Initially, described by Whiffler. (4) and later by Wilson.
(5.) Whiffler K: Coracoid block--a safe and easy technique.
(10) Dozens of whifflers (armed attendants with javelins, battle-axes, swords, or staffs ["whiffler"]) and "Attenders" came next, sometimes called "guides," ordered to "conducte the Pageants" (Sayle 37; MSC 3: 116; MSC 3: 117).
After the whifflers, there might be one hundred company bachelors, more whifflers, the plaster pageants carried by porters or drawn by horses, more musicians, and, if in London, the Lord Mayor and his officers (MSC 3: xxiin, xxvi).
While the traders knew of the potential forces that might impel the performers and spectators to act violently on each other, they charged the whifflers explicitly to shield not the performers or spectators, but the plaster pageants.
That certainly does not mean that Rainbow High is the best horse ever to win the Chester Cup, as the race's roll of honour includes 19th-century champions Alice Hawthorn, Nancy, Tim Whiffler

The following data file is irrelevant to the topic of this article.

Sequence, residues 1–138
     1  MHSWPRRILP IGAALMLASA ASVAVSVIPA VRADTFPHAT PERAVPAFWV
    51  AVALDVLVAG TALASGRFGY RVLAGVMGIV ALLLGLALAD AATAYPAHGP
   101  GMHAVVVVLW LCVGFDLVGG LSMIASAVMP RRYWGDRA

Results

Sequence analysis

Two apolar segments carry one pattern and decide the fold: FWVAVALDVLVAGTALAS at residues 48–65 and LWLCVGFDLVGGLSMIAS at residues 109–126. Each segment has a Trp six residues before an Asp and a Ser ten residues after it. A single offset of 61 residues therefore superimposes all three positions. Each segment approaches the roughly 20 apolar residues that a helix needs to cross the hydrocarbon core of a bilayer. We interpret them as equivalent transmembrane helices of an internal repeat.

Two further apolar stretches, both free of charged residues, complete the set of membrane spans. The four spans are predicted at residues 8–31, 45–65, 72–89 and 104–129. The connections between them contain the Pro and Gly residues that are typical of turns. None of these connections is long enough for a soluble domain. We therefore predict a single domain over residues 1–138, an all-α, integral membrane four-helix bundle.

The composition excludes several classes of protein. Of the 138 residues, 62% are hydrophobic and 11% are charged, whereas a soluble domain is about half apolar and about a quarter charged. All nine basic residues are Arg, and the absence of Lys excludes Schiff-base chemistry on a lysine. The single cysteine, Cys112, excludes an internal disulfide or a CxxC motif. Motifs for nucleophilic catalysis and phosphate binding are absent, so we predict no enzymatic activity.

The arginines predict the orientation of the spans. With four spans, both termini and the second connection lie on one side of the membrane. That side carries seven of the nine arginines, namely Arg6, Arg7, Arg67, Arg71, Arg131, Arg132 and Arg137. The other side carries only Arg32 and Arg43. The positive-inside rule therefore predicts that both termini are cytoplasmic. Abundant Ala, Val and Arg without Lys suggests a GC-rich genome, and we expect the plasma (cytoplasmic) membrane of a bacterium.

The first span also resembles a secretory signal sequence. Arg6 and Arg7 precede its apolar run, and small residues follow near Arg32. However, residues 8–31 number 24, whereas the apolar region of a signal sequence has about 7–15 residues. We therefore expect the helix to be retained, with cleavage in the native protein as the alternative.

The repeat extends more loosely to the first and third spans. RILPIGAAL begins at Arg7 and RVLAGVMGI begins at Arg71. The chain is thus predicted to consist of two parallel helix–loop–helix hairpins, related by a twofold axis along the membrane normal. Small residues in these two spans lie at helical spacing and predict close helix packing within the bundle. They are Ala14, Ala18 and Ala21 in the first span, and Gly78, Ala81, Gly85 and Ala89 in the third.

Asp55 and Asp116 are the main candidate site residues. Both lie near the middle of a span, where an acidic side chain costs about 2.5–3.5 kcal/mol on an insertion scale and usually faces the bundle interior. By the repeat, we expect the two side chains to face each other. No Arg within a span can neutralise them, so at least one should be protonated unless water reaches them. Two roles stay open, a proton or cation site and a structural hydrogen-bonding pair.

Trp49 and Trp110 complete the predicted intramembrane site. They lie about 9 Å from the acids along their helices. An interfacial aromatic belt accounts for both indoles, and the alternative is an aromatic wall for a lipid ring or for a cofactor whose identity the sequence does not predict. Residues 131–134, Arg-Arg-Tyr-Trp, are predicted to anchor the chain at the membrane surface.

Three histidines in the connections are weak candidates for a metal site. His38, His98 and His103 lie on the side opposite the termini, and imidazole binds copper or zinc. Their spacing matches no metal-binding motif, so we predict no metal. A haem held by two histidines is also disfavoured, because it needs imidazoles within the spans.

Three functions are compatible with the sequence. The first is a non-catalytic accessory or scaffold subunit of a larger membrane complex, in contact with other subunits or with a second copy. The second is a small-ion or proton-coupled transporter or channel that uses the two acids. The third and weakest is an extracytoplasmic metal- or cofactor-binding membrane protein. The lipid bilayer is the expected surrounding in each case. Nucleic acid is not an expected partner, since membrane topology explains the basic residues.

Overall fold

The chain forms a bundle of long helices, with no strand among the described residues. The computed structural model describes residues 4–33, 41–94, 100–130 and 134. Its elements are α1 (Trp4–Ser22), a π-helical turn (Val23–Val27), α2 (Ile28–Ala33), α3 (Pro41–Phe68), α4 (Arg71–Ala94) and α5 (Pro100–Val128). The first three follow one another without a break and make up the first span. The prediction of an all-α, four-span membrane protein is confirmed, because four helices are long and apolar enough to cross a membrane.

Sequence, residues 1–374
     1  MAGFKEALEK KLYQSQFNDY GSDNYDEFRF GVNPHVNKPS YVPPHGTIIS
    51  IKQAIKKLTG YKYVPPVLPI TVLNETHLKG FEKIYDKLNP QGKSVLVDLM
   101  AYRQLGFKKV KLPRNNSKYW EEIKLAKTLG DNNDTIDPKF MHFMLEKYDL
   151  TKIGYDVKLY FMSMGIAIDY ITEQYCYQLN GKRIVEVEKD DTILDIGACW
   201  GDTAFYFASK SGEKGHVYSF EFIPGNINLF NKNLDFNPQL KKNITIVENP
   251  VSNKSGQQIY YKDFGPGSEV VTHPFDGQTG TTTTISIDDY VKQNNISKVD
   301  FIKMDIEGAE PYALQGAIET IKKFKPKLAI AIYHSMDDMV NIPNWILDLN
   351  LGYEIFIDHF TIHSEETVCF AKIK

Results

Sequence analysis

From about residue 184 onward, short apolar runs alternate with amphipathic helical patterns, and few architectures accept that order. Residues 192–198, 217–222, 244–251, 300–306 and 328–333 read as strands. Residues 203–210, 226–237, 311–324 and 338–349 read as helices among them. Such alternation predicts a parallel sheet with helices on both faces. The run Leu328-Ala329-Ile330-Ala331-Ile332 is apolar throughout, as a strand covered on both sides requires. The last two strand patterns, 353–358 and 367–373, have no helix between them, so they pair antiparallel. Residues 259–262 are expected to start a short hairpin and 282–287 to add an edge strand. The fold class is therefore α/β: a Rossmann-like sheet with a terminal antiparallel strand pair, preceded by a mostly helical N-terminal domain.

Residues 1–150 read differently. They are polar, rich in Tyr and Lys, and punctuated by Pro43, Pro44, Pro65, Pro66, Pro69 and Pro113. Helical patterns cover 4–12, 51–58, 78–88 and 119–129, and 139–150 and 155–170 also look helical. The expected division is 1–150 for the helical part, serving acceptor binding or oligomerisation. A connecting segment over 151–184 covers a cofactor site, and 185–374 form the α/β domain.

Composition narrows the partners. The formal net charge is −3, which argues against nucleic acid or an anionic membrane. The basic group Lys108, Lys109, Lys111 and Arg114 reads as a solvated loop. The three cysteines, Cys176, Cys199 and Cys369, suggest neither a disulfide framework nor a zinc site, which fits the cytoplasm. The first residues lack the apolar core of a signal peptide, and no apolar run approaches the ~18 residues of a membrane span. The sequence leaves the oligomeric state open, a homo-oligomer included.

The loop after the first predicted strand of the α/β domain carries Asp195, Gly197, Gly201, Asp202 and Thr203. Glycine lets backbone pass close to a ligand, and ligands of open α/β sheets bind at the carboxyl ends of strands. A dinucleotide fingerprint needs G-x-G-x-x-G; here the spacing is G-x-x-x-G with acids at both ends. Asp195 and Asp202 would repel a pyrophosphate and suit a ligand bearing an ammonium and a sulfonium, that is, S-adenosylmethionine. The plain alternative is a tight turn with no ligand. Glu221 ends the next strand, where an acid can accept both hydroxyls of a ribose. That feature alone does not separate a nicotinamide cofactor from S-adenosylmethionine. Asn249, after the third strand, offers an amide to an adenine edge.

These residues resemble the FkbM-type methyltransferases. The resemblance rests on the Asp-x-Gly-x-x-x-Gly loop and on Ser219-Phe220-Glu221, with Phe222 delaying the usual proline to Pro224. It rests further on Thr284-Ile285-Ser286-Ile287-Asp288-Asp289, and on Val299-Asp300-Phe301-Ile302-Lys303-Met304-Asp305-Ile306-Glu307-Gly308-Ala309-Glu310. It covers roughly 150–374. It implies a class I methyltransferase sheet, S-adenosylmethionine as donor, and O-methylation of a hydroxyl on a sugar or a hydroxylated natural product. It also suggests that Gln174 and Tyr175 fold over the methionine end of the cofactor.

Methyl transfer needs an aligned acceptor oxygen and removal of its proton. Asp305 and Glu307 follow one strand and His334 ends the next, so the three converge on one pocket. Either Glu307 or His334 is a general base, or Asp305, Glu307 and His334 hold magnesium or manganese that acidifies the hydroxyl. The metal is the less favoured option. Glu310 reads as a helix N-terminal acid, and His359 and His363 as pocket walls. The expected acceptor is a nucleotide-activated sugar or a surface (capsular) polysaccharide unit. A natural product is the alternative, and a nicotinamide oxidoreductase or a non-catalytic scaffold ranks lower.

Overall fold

and Asteroid, as well as 20th-century celebrities Willonyx, Brown Jack, Trelawny and Sea
With a 30 litre feed hopper and an output of 150 bags a minute, the TT100's user-friendly mechanical controls allow dosing weights to be altered while the machine is running, say the makers, who are located at Whiffler
Road, Norwich, Norfolk, tel:01603 429231.
A Midsummer Night's Dream, Whiffler
Theatre, Castle Gardens, Norwich, 7.30pm-10.15pm.
University plays were also put on in the college halls, which became so crowded that, by the seventeenth century, it had become traditional to appoint "whifflers
," "who locked the rowdiest of them [the students] in the porter's lodge and carried out others who had fainted or been trampled in the crowded hall.